The Essay Exam

The Essay Exam

What is an Essay Exam?

Most college courses require students to write an essay as an exam, often the final exam or as part of an entrance exam. Usually, an essay exam will be written in class, and the essay exam may be in addition to objective questions.

Examine the Question of Topic of an Essay Exam Carefully:

Read the question or prompt thoroughly, more than once if there is a part that seems unclear to you. Pinpoint the main idea of the topic, perhaps jotting down notes as you read the exam. Be aware of what you are assigned to do (describe, evaluate, analyze, discuss, compare, or consider). Look at the directive wording of the exam. If you are asked to describe a typical American 20th century wedding, you will not get credit if you enumerate the merits of marriage in general.

Use Your Time Wisely:

If, for instance, you have three questions of three parts of one question to write in one hour, try to devote only fifteen minutes to each section. This allows you an extra block of time to reread your answers and edit. Also, if you have not quite finished with one part, you can go back and add thoughts. Dividing the time you spend on each section prevents you from answering only one or two complete and the third left blank. Note if there is a weight given to the required answers. If one section is to count only a few points while the other section is half the grade, allot more time to the section that counts more.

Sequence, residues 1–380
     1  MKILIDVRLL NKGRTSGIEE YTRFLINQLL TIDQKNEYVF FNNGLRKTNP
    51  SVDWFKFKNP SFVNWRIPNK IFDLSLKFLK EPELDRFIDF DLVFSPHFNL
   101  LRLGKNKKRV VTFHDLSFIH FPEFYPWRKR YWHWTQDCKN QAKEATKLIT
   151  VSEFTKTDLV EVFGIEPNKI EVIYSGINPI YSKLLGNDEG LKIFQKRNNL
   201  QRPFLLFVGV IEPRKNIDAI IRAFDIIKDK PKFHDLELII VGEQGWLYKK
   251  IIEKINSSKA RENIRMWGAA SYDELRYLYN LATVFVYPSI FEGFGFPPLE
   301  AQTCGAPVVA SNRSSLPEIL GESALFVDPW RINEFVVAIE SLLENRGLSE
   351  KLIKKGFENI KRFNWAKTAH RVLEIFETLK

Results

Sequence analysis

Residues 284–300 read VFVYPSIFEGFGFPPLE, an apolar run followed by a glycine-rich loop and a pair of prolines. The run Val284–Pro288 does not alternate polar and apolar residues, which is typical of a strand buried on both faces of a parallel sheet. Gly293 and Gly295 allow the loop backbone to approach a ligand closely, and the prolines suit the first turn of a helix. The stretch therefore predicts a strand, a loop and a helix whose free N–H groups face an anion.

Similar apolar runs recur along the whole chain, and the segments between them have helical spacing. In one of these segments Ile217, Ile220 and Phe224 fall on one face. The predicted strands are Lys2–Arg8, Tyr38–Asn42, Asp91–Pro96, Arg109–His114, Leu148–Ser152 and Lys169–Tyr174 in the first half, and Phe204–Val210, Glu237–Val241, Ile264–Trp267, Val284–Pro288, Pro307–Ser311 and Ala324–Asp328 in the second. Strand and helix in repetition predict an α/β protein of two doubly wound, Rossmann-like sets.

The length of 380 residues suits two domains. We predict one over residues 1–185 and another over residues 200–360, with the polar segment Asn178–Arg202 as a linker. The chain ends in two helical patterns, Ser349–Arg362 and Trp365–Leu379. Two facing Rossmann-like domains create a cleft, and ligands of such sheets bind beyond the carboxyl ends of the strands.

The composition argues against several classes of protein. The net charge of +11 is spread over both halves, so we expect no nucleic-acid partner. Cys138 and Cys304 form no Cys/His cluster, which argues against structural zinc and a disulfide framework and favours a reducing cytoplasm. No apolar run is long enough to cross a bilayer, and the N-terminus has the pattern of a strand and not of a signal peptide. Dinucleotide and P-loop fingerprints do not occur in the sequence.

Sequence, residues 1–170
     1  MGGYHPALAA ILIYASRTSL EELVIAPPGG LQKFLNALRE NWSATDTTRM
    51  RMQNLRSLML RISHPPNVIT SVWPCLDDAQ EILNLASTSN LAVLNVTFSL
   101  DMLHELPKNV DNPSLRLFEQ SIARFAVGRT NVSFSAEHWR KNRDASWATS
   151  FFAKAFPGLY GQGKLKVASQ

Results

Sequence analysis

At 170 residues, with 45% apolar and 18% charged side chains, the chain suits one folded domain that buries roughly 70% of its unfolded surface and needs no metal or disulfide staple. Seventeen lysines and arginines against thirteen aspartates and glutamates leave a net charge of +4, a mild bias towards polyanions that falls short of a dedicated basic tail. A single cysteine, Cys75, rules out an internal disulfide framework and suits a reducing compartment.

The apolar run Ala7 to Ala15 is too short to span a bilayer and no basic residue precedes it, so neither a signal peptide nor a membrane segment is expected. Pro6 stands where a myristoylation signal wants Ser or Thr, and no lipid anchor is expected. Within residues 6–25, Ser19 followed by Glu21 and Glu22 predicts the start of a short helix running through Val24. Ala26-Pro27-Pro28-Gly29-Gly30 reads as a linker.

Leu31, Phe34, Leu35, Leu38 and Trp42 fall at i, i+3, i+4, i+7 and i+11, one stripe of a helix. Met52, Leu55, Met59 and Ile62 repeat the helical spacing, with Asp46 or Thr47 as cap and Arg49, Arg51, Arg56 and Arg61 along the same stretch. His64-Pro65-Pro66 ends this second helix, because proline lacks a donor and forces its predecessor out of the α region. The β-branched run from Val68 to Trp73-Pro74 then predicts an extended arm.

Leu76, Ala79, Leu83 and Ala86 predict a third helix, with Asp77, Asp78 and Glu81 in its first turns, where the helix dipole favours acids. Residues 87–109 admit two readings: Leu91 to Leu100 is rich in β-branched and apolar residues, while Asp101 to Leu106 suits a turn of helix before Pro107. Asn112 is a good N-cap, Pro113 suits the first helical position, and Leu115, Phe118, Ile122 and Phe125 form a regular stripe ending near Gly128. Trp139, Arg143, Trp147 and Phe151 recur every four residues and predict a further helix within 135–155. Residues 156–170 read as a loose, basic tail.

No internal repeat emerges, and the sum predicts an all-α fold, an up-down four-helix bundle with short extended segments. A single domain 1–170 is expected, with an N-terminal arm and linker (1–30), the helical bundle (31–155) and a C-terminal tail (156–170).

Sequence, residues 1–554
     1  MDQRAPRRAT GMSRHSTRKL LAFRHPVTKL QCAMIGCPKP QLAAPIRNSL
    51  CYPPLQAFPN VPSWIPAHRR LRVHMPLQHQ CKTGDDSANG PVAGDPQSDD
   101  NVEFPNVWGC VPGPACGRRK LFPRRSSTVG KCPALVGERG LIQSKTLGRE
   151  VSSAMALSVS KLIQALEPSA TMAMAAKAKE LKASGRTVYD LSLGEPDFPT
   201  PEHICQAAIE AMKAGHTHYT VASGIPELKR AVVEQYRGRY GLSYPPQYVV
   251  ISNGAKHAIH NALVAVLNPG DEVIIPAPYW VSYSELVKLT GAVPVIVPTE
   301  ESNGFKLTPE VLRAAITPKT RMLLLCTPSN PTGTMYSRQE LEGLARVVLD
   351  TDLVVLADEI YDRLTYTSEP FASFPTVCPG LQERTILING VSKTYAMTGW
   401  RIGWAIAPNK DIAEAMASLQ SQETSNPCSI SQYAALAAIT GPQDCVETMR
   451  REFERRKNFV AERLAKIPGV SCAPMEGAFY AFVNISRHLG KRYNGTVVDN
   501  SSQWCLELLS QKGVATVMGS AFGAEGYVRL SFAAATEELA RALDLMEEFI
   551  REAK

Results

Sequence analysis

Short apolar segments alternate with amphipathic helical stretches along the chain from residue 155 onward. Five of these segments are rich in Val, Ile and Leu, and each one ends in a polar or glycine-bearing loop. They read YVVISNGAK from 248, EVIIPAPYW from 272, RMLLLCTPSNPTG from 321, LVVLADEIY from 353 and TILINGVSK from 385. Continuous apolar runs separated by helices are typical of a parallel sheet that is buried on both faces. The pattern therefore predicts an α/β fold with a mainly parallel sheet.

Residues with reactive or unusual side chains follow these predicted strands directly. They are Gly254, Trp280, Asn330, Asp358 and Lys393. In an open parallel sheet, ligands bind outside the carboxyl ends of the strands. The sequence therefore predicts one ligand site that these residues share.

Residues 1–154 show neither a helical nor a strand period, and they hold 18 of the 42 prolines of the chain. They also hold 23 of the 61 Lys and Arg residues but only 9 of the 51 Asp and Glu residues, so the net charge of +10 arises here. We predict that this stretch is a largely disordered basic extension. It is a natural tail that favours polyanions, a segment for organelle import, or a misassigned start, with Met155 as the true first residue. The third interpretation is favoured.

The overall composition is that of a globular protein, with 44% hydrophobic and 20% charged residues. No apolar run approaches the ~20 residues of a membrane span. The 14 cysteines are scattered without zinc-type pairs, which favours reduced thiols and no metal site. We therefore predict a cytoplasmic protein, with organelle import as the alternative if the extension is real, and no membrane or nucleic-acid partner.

Outline/Brainstorm Your Answers:

It pays in the long run to quickly write an outline of the essay or write words or phrases to remind you of the ideas that occur to you as you read the exam directive. Keep the main points you plan to make while crossing out any points in your outline or brainstorming that may not add to your essay.

Do Not Forget the Introduction and Conclusion:

Even though there is a time limit for the essay exam, make sure to organize the essay as you would normally do for any other writing required in college. Readers like to know where the essay is headed – the introduction – and when it is complete – the conclusion.

Generate a Clear Thesis Statement:

To write well under pressure, it is most helpful for you to determine your thesis as soon as possible. Having a thesis statement in your introduction (first paragraph) keeps you focused on the main topics you cover in the essay. Incorporate parts of your instructor’s question/topic also.

Page last updated June 26, 2023.